CX5/5: From reactive to proactive customer relationships

During this month, I’ve adopted a theme to my blogs focusing on various ideas, concepts and posts that I have shared in the past to help those of you considering customer experience transformation to take that leap of faith. In the fifth of five posts, I’ll focus on moving from reactive to proactive customer relationships.

In days gone by, we all realised we needed to establish a relationship with a customer to keep them happy. In order to have a relationship with our customers, we needed to build trust and nurture communication to create openness. And yet in customer service, we never really evolved our customer relationships. It was even harder in big businesses, where the sheer volume of customers stood in the way of getting to know each other. But there were always exceptions.

Doing things differently

I was privileged enough to spend 7 years working across the Virgin Group, where Sir Richard Branson instilled a customer focus ethic, valuing the staff who in turn valued the customer. Even in the largest Virgin businesses, customers often talk of being treated like an individual in a human way. Many have studied this cultural effect, and successfully created an even better model (Tony Sheih’s Zappos is a prime example), but transferring this model to the world of B2B has been a challenge. With the digital world driving higher expectations of service and the desire to have a working solution out the box, California’s tech start ups have been our guiding light to a whole new way of thinking about and behaving towards customers – customer success.

Create a customer success team

If customer service is the critical reactive element of your product (diagnose issues, restore service to drive down churn & drive down dissatisfaction), then customer success is the proactive arm to better bridge the sales and customer service gap. With the passion and energy of sales, and the natural empathy of customer service, your customer success team seeks out customers emotional needs to help them achieve their goals, connect deeply with your product and ultimately through the relationships you grow, spend more, stay longer and refer you to their network. Many aspects of customer success are not in themselves new, but bringing together all these elements into one powerful team to champion the customer throughout the customer lifecycle is the game changer.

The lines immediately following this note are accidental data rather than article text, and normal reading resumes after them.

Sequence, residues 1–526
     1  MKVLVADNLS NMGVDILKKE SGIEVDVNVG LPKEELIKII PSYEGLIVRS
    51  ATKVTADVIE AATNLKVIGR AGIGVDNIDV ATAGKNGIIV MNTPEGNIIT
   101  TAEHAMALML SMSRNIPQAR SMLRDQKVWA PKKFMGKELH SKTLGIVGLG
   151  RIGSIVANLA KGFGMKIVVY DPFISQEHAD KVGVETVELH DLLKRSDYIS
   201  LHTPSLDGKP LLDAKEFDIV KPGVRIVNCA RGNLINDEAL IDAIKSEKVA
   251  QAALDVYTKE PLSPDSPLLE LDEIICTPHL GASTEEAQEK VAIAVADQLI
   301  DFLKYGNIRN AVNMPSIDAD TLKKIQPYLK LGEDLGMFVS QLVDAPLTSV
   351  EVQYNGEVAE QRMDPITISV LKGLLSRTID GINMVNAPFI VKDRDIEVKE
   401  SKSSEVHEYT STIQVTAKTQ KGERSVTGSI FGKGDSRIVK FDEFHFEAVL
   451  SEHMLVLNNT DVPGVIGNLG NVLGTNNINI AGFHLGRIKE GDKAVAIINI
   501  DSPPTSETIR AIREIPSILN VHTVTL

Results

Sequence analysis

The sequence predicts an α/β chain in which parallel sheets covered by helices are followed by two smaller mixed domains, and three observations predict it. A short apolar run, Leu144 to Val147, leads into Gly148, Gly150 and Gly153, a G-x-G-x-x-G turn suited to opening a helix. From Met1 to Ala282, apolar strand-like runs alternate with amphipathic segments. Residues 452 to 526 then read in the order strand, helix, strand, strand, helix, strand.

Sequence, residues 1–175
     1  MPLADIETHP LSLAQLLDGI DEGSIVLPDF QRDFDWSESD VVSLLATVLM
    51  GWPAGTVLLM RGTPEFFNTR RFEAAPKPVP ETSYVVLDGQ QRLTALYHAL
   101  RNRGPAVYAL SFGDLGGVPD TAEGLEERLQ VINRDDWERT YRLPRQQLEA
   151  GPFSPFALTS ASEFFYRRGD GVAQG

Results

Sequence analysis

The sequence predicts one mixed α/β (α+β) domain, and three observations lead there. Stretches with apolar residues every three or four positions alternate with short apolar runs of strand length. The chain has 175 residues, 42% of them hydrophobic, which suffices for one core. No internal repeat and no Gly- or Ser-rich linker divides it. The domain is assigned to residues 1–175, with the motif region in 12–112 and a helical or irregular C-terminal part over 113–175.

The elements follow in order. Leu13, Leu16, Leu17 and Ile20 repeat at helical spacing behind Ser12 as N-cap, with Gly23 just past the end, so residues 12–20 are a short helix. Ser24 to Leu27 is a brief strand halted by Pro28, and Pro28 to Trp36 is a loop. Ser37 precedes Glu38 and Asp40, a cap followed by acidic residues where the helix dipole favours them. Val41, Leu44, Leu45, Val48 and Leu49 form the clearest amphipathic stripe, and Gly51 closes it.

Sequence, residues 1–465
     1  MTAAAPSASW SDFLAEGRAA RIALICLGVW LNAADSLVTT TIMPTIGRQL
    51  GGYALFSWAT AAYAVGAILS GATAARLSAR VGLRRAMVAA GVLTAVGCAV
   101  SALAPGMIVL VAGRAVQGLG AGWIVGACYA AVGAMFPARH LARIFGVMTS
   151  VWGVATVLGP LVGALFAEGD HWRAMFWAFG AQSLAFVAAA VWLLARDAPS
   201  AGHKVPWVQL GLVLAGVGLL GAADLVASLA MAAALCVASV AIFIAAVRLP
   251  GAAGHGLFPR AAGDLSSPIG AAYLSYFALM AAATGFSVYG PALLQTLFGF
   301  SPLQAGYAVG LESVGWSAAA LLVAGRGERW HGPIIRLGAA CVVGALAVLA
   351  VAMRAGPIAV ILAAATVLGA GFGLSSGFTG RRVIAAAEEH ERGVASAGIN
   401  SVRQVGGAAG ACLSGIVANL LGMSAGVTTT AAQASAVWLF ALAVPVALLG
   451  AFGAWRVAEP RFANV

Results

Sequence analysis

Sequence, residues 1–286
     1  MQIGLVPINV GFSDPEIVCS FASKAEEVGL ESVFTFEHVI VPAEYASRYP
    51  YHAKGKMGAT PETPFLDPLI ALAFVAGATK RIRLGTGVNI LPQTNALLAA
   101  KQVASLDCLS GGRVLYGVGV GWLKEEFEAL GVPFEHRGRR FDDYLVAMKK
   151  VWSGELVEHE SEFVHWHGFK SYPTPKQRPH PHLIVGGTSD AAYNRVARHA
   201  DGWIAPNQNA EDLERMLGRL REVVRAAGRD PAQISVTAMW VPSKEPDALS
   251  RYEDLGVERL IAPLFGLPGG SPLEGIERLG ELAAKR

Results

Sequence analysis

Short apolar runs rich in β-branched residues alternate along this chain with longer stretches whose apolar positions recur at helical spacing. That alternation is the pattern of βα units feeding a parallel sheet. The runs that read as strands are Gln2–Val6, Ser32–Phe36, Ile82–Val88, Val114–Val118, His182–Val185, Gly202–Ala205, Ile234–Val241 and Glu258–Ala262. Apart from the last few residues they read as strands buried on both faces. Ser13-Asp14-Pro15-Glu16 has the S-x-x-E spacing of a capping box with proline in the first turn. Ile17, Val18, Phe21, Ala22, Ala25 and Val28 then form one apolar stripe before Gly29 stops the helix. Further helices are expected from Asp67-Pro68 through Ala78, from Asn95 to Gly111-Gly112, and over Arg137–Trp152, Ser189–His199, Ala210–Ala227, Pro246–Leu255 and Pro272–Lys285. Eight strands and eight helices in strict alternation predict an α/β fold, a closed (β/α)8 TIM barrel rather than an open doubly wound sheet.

Customised customer journeys

So you’ve recruited a team of exceptional customer success managers – what next? Process is key, and a clearly defined customer journey (what is the customer needs versus what does your product deliver. Focus on the customer plan – how will the customer make the most of their investment? How can the customer get their users to adopt this new way of working? What aspects of our product will really add value for the customer?

From customer data to customer insight

As with customer support, KPIs and SLAs set a solid path, but the sooner you focus on gathering data on what your customer want, what they do and how they feel, the quicker you will be able to create the customer health score. This in turn allows you to start predicting retention and growth patterns. Your customer success team will also be a core input into your product management team, leveraging the growing customer relationships with innovation forums, user groups, Alpha & Beta programs, rewarding customers for their commitment to the relationship.

To commission or not to commission?

Whilst some feel that the customer success teams need sales targets and bonuses, I find that such extrinsic rewards create a barrier to success. Many of us are taking this bold step, and customer success teams really do want to delight their customers, so why distract them from what they are passionate about? I prefer team bonuses to drive collective success, heavily influenced by customer engagement and satisfaction.  This mean we can still reward exceptional performance without the sole focus being revenue.

I hope you’ve enjoyed this series of post on CX (customer experience).  You can find the other 4 under my LinkedIn profile:

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